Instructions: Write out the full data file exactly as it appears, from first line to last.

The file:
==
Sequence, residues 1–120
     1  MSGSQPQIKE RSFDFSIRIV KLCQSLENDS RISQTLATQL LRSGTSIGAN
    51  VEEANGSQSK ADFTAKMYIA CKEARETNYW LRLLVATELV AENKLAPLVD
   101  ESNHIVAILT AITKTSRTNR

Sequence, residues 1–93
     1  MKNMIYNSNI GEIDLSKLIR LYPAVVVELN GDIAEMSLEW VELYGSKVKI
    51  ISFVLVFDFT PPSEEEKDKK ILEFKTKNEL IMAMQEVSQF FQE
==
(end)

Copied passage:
Sequence, residues 1–120
     1  MSGSQPQIKE RSFDFSIRIV KLCQSLENDS RISQTLATQL LRSGTSIGAN
    51  VEEANGSQSK ADFTAKMYIA CKEARETNYW LRLLVATELV AENKLAPLVD
   101  ESNHIVAILT AITKTSRTNR

Sequence, residues 1–93
     1  MKNMIYNSNI GEIDLSKLIR LYPAVVVELN GDIAEMSLEW VELYGSKVKI
    51  ISFVLVFDFT PPSEEEKDKK ILEFKTKNEL IMAMQEVSQF FQE